relationship in which two species live closely together
one organism lives on or inside another organism and harms it
A relationship between two or more organisms of different species where all benefit from the asociation.
the relation between two different kinds of organisms when one receives benefits from the other without damaging it
the number of different species in a community
The number of individuals of each species
draw and explain nitrogen cycle
draw and explain nitrogen cycle
(ecology) the status of an organism within its environment and community (affecting its survival as a species)
set of conditions an organism will grow most successfully in
formation of a biofilm
initiated by attachment of a cell to a surface
cell to cell chemical communication
major signaling molecules in biofilms for intra and inter species
when a mutated gene reverses to its original base composition
sequence of DNA that codes for a protein and thus determines a trait
open reading frames
Long stretches of DNA that encode proteins because they have no stop codons (UAA, UAG, UGA) via mRNA
a set of genes, all of which are regulated as a single unit. may read in either direction.
units of measurement (minutes)
the specific site of a particular gene on its chromosome
A phage genome that has been inserted into a specific site on the bacterial chromosome.
Genetic element that has the ability to move (transpose) from one site on a chromosome to another.
The DNA sequence that is recognized by a restriction enzyme; the restriction enzyme cuts at this sequence, generating two DNA fragments
High Frequency Recombination-Bacterial strains that can transfer their chromosome because they have a plasmid integrated into their genome
The origin of replication in E. Coli.
an enzyme that cuts the bonds within a polynucelotide chain
drug that treats AIDS by blocking the production of protease, a proteolytic enzyme that helps to create new viral pieces for HIV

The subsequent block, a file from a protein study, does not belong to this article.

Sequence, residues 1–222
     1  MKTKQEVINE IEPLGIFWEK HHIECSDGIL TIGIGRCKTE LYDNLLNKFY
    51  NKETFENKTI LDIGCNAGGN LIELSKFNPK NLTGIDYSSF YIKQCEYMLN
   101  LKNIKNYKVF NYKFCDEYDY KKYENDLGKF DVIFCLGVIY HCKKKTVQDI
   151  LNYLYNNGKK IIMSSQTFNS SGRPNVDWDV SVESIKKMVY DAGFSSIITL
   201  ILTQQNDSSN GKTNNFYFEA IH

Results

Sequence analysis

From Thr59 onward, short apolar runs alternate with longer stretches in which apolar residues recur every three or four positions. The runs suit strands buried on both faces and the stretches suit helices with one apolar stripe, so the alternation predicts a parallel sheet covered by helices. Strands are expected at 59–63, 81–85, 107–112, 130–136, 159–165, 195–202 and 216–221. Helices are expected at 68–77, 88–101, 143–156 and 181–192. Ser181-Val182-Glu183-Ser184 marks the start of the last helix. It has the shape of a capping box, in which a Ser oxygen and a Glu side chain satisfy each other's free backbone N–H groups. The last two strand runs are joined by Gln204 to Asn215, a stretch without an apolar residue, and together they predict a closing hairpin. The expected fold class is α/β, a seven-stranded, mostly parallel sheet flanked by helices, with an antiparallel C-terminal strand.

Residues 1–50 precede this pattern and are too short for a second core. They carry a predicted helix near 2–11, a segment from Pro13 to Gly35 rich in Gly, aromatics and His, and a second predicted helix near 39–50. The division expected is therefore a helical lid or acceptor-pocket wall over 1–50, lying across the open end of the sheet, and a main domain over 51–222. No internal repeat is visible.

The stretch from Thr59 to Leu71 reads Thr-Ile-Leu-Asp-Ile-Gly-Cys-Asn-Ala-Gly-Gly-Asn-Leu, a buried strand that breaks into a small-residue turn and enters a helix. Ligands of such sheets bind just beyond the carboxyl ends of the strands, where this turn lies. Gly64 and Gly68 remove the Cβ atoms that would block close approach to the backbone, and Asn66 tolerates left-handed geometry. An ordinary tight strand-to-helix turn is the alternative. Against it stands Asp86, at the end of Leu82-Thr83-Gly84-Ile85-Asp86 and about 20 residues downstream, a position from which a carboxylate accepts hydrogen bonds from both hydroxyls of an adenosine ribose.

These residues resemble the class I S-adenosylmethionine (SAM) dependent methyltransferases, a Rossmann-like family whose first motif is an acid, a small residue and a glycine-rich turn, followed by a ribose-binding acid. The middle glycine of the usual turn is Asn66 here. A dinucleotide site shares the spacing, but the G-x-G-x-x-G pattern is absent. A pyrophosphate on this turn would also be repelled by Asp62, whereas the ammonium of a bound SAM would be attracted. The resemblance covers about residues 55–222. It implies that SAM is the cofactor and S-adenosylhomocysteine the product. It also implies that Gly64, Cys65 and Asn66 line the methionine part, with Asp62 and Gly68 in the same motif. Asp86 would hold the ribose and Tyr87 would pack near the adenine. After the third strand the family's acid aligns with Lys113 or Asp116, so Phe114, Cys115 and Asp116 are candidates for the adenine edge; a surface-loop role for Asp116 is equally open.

E. coli genome
use lateral transfer.
allows individual genes, organelles, or fragments of genomes to move horizontally from one lineage to another
-The small, circular segments of DNA that are found in bacteria and that stay sparate from the bacterial chromosomes; used in genetic engineering.
-carry unessential genes
-can provide antibiotic resistance
-many exist in multiple numbers
A genetic element that can exist either as a plasmid or as part of the bacterial chromosome.
the particular alleles at specified loci present in an organism
what an organism looks like as a consequence of its genotype
(jumping genes) short strands of DNA capable of moving from one location to another within a cell's genetic material
change in a DNA sequence that affects genetic information
The most common type of mutation, a base-pair substitution in which the new codon makes sense in that it still codes for an amino acid.
A mutation that changes an amino acid codon to one of the three stop codons, resulting in a shorter and usually nonfunctional protein.
A mutation that changes a single nucleotide, but does not change the amino acid created.
A mutation occurring when the number of nucleotides inserted or deleted is not a multiple of three, resulting in the improper grouping of the following nucleotides into codons.
process in which one strain of bacteria is changed by a gene or genes from another strain of bacteria
(genetics) the process of transfering genetic material from one cell to another by a plasmid or bacteriophage
In bacteria, the direct transfer of DNA between two cells that are temporarily joined.
A decline to a lower condition, quality, or level
an anticoagulant used as rat poison/blood thinner
vitamin K exOxide reductase
enzyme that recycles vitamin K
a B vitamin that is essential for cell growth and reproduction
blocks T lymphocyte from membrane fusion (HIV)
blocks active site for neuraminidase (influenza A+B)
viral polymerase inhibitors (herpes virus) + reverse transcriptase inhibitor for HIV
(amantadine) blocks virus uncoating. antiviral agent; increase release of stored DA
any mutant microorganism having a nutritional requirement that is absent in the parent
strains capable of synthesizing all nutitional requirements not present in the media in which they are grown in
ability of microorganism to remain at a particular site and multiply
An organism that causes disease
relative power of a pathogen to cause disease
(medicine) the invasion of the body by pathogenic microorganisms and their multiplication which can lead to tissue damage and disease
any change, other than an injury, that disrupts the normal functions of the body
organisms that are not at their normal site of growth or niche